India needs to attain, and sustain, a gross domestic product (GDP) growth rate of at least 9%, with manufacturing growing at 13% a year, in order to create adequate employment opportunities, generate resources to deal with poverty and to ensure social stability. The government should declare these targets as priority number one, and a national objective. All political parties should be persuaded to accept this objective. All policies and governmental decisions, at the Centre and in the states, should be consistent with attaining this goal.
It would not be possible to either reach 9% growth or accelerate manufacturing to 13% a year unless the ability of the government to implement projects and policies is drastically improved. Along with this, laws, regulations and processes that add to the cost of doing business need to be reviewed and simplified, so as to increase Indian competitiveness.
The central and state governments make up a large part of the national investment in infrastructure, including education and health. Due to implementation and operational shortcomings, infrastructure is a major reason for reducing the competitiveness of Indian industry. The systems and processes in government, basically designed by the British to provide checks and balances, have become an impediment to progress because of the climate of distrust. Most officers give overriding priority to ensuring that processes are followed, irrespective of the impact on results.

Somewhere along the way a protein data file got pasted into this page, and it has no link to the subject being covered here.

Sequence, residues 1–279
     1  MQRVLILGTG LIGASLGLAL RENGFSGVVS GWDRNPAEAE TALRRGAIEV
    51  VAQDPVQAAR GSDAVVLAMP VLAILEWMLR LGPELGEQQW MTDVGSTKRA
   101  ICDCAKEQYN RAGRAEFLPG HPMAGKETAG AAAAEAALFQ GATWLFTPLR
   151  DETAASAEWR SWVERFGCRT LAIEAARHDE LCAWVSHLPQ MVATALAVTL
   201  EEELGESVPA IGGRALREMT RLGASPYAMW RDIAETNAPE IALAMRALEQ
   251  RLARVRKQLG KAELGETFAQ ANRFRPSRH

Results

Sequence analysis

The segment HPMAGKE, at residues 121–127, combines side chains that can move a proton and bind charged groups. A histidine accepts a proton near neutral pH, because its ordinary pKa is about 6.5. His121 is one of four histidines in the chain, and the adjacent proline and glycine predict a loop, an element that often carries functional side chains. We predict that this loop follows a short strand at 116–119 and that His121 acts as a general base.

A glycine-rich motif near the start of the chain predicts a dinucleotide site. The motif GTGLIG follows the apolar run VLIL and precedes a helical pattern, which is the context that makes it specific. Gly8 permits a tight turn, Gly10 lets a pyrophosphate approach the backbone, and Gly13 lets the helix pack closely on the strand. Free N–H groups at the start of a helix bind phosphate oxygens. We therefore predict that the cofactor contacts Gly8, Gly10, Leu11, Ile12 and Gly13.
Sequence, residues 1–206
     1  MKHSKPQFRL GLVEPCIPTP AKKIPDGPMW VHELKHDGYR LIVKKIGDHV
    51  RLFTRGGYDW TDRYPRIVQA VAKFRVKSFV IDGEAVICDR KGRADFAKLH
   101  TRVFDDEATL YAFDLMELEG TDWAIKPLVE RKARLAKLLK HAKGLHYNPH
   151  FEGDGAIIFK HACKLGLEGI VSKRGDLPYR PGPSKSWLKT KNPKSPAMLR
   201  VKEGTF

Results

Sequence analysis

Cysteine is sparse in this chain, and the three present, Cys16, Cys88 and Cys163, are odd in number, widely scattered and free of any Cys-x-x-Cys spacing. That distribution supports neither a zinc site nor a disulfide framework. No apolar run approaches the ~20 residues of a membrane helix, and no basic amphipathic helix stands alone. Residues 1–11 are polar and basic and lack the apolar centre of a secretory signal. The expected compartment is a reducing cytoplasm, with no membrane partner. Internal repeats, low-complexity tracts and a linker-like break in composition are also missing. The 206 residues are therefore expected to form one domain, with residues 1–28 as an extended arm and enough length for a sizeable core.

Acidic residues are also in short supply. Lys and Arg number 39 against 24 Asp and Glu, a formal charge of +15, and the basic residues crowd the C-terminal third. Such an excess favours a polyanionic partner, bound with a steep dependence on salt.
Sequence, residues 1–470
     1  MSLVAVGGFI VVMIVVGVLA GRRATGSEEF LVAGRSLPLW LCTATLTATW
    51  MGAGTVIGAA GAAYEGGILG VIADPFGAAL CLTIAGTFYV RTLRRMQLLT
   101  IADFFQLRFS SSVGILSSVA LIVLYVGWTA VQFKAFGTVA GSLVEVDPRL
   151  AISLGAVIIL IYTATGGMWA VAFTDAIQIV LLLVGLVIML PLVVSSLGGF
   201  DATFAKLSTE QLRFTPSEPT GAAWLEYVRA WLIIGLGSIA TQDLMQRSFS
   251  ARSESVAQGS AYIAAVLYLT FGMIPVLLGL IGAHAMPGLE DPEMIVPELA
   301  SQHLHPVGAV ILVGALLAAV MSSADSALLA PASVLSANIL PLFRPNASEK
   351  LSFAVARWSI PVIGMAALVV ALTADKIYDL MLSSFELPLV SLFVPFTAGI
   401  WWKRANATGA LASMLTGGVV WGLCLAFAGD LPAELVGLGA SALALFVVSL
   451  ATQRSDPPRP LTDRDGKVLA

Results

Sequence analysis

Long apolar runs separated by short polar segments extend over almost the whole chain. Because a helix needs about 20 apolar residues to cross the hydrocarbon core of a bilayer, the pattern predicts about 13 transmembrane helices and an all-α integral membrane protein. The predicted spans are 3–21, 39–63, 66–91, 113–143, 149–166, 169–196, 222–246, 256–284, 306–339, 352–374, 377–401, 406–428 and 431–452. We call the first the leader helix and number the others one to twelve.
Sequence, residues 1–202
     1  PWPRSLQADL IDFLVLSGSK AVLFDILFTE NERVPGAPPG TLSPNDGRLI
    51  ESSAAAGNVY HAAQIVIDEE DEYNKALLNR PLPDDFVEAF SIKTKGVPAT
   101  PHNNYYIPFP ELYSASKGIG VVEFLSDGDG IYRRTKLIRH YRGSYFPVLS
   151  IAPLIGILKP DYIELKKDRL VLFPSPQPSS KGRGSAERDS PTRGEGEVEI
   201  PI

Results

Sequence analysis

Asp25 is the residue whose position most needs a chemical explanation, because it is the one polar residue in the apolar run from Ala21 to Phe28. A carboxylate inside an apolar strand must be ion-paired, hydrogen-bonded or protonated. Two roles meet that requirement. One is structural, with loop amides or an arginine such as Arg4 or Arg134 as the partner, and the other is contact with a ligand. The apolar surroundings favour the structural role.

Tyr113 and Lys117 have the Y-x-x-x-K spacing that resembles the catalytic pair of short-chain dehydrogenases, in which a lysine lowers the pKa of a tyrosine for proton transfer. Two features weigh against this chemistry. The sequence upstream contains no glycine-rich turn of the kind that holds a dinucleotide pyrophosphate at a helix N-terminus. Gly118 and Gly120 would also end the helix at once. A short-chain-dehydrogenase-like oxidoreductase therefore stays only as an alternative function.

Clearly, systems need to be modified. We need to introduce accountability for results, give incentives for performance and delegate powers so that decision-making is quick.
At the same time, some provisions of the Prevention of Corruption Act need to be changed so that officers are not afraid to take decisions. The audit has to become more commercial and should also attach value to time.
Experience of the last two decades has shown that citizens benefit most when there is competition. Many public sector industries, functioning in important areas, are quasi or full monopolies.
The government supports public sector units (PSUs) in many ways. In reality, this is at the expense of the citizens and of growth. PSUs should be made to face genuine competition. Obstacles to PSUs functioning commercially should be removed. If any PSU is still unable to compete and be profitable, it should be sold.
The goods and services tax should be introduced in 2013. Its benefits are so large and apparent that agreement should be speedily possible, if the national objective of growth and job creation is accepted. A huge amount of litigation in tax law implementation could be avoided, and costs saved for industry and business, if officers were willing to take responsibility for decisions, and were confident that they would not come to harm for bona fide actions.
The education system needs to be modernized to meet present-day needs. Institutions offering good education are scarce. Good teachers are even more scarce. There needs to be large infusion of private capital in education to supplement governmental efforts. Technology needs to be extensively used to maximize the reach of good teachers and professors.
All impediments to the flow of private capital to education need to be removed.
RC Bhargava is chairman at Maruti Suzuki